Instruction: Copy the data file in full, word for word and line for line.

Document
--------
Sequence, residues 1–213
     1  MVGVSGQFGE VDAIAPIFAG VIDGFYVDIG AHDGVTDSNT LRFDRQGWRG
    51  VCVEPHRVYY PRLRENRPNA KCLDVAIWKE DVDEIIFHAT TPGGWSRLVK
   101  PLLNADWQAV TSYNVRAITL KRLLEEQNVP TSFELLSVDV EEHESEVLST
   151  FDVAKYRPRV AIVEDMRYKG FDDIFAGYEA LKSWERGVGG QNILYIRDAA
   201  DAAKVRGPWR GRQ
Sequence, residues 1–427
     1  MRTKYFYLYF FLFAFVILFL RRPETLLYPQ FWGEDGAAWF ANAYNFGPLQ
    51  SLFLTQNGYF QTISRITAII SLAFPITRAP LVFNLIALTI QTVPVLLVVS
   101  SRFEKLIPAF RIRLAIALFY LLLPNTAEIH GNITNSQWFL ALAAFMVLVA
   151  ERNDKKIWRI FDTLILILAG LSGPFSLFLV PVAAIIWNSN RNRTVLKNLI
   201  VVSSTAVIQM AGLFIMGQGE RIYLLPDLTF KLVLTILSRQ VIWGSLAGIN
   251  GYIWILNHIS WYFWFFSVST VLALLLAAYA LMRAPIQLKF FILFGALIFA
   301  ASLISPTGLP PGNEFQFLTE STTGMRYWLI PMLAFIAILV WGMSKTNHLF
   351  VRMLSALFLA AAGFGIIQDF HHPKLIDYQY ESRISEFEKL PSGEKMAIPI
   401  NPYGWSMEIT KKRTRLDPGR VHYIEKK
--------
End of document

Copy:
Sequence, residues 1–213
     1  MVGVSGQFGE VDAIAPIFAG VIDGFYVDIG AHDGVTDSNT LRFDRQGWRG
    51  VCVEPHRVYY PRLRENRPNA KCLDVAIWKE DVDEIIFHAT TPGGWSRLVK
   101  PLLNADWQAV TSYNVRAITL KRLLEEQNVP TSFELLSVDV EEHESEVLST
   151  FDVAKYRPRV AIVEDMRYKG FDDIFAGYEA LKSWERGVGG QNILYIRDAA
   201  DAAKVRGPWR GRQ
Sequence, residues 1–427
     1  MRTKYFYLYF FLFAFVILFL RRPETLLYPQ FWGEDGAAWF ANAYNFGPLQ
    51  SLFLTQNGYF QTISRITAII SLAFPITRAP LVFNLIALTI QTVPVLLVVS
   101  SRFEKLIPAF RIRLAIALFY LLLPNTAEIH GNITNSQWFL ALAAFMVLVA
   151  ERNDKKIWRI FDTLILILAG LSGPFSLFLV PVAAIIWNSN RNRTVLKNLI
   201  VVSSTAVIQM AGLFIMGQGE RIYLLPDLTF KLVLTILSRQ VIWGSLAGIN
   251  GYIWILNHIS WYFWFFSVST VLALLLAAYA LMRAPIQLKF FILFGALIFA
   301  ASLISPTGLP PGNEFQFLTE STTGMRYWLI PMLAFIAILV WGMSKTNHLF
   351  VRMLSALFLA AAGFGIIQDF HHPKLIDYQY ESRISEFEKL PSGEKMAIPI
   401  NPYGWSMEIT KKRTRLDPGR VHYIEKK